The Power of IT Peer Groups
Re-Thinking HR: What Every CIO Needs to Know About Tomorrow's Workforce
IT peer groups provide CIOs at medium-size firms with advice and support, help them achieve goals, and can lead to new personal relationships.
Members must also reciprocate with each other. Lang introduced the group to his “Three Percent Fund.” If an employee’s annual salary is $50,000, for example, Lang allocates another $1,500 to their compensation for support of their pet causes. If their child’s sports team needs sponsors, or if they are raising money for cancer awareness, Pinnacle gives a gift toward it. Many peer group members have adopted the fund idea, he says.
Until this year, members have acted as group facilitators, but HTG is phasing in professional facilitators. It is also introducing online groups, which it has facilitated in the past, for companies that cannot afford the cost of attending face-to-face groups.
Face-to-face group members must attend the quarterly meetings and can bring up to four employees. On the second day, the members split off into smaller groups for their specialties. Companies must have at least eight full-time employees, and earn annual revenues of more than $750,000. Annual dues range from $2,500 to $3,000.
Although neither Knutson nor Lang can quantify the ROI for their group, both say an invaluable benefit is IT peers who have become friends. “I call them if I have a problem,” says Knutson. “They’ll share how they solved it. They’re my friends.”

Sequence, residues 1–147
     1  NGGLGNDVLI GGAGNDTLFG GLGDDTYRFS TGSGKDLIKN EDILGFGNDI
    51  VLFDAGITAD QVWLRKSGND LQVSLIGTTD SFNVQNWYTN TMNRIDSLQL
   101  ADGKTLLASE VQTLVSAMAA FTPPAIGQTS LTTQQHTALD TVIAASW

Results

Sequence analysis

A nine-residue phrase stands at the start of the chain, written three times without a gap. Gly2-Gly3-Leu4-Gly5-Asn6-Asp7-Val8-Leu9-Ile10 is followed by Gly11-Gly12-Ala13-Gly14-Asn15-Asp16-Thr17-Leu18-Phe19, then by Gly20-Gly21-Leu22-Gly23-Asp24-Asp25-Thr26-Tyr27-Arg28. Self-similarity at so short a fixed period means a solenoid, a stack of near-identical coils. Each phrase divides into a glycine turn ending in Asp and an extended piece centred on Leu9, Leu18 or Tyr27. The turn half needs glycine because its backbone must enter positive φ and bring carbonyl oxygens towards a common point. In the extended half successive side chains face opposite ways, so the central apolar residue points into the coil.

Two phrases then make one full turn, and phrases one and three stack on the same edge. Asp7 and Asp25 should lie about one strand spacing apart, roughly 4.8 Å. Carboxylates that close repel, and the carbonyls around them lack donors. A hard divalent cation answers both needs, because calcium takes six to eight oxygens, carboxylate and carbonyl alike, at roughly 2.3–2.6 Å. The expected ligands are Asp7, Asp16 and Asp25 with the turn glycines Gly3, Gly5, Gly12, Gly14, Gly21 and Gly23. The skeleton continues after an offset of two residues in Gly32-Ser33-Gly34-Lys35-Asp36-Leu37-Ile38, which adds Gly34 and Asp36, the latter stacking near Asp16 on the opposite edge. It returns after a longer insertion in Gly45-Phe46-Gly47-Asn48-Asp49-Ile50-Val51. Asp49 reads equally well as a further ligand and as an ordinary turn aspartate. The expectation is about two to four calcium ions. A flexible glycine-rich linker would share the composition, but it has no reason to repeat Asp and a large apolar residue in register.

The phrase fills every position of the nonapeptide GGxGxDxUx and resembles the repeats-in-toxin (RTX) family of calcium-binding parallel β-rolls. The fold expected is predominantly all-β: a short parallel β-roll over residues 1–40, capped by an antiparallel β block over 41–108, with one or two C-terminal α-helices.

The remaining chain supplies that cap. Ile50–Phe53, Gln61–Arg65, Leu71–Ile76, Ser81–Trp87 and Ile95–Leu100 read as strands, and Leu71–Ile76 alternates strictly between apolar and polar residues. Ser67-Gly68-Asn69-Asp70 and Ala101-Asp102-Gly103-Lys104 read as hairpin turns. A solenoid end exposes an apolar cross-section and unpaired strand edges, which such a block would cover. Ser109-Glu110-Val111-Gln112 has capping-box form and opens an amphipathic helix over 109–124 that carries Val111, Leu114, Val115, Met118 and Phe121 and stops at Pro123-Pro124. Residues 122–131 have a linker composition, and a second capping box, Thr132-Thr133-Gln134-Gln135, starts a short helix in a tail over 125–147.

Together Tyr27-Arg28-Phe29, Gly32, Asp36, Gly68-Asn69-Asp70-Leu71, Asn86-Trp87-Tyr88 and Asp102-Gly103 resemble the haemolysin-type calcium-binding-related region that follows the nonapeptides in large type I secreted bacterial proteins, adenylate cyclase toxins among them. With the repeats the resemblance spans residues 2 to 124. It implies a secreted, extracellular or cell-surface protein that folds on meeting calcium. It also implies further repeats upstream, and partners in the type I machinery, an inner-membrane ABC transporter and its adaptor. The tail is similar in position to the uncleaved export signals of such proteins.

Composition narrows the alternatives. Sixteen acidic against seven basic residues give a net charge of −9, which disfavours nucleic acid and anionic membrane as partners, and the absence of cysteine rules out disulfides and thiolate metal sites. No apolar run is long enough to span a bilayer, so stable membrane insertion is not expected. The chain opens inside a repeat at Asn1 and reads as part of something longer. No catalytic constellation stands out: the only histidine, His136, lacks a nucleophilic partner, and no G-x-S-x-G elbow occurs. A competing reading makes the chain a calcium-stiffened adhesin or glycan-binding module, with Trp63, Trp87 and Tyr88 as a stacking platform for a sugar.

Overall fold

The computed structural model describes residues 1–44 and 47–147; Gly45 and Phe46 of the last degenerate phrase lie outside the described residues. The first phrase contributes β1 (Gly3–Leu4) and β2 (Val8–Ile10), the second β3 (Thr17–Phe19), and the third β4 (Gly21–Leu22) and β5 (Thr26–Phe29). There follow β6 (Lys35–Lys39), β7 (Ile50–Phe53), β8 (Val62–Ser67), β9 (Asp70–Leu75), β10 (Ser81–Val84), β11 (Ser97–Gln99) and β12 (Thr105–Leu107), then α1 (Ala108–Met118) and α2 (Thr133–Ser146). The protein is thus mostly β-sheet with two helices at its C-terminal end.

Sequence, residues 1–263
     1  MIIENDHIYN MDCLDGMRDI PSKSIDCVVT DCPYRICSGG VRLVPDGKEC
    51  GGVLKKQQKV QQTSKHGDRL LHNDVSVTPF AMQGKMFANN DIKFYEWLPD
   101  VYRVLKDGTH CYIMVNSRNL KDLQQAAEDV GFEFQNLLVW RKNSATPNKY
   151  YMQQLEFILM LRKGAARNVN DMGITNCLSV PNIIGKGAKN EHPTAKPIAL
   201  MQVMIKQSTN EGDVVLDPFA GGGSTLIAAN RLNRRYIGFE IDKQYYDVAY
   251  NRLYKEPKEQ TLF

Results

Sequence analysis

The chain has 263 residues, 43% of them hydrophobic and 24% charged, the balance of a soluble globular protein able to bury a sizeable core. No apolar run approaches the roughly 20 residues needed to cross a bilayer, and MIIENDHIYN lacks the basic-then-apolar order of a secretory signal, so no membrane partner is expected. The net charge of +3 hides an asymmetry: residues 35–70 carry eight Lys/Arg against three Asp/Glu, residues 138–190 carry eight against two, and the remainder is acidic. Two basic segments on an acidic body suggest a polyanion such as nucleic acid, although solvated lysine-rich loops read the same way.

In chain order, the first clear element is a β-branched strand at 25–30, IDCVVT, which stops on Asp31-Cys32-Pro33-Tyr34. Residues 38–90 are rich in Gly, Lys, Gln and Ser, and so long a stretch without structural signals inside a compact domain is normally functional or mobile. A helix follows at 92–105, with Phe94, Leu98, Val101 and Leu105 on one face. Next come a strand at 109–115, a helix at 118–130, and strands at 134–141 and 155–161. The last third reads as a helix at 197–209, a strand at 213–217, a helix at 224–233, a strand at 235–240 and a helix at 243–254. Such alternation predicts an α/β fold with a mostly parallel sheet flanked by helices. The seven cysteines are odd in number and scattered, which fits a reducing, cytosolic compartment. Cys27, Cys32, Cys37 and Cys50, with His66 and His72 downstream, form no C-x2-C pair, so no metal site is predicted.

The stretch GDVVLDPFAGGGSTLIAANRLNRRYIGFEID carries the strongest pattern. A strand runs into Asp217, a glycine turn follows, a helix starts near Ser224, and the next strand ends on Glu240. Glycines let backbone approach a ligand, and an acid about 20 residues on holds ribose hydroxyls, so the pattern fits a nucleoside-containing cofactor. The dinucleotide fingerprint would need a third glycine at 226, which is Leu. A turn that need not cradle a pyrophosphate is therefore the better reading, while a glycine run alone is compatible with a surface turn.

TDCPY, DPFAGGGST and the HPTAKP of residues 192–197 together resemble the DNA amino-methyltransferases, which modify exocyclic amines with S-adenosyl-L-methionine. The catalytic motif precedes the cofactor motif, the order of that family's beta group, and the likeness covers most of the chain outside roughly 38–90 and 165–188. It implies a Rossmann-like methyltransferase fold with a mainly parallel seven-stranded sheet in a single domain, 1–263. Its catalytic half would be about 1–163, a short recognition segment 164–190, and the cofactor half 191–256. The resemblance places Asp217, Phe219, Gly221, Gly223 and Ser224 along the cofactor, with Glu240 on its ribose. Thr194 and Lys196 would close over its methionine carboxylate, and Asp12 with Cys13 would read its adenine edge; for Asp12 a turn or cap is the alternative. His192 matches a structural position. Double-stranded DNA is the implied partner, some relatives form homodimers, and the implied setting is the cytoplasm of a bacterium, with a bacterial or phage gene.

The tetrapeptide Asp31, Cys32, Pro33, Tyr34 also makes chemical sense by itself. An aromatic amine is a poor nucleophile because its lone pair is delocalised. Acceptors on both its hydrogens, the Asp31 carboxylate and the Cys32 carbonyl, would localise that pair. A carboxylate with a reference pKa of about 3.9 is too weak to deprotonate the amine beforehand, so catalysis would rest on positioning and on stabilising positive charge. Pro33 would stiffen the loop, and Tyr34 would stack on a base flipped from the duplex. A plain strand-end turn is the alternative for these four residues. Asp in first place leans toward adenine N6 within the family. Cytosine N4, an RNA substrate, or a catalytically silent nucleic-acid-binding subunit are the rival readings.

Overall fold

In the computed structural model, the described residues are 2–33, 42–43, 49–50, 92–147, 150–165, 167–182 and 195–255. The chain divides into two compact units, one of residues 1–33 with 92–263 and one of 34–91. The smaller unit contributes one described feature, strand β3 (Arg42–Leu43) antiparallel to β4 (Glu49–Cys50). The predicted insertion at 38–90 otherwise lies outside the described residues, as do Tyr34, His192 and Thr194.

Members also often feel comfortable enough to declare personal goals, like getting away for a long weekend with their spouse or losing weight. “We interact through Facebook and Twitter and know what’s going on in one another’s lives,” says Lang. “I asked one to give his kid a High Five from me for his soccer team.”
Lastly, Lang urges peer group members to be transparent during meetings. “Don’t puff out your chest,” he says, “and act like you’re doing everything right and don’t need help. Say where you need help.”
About the Author
Based in New York City, Karen A. Frenkel writes about business, entrepreneurs, innovation, computer science and technology, and has been published by Bloomberg.com, Bloomberg Businessweek, FastCompany.com and Science.
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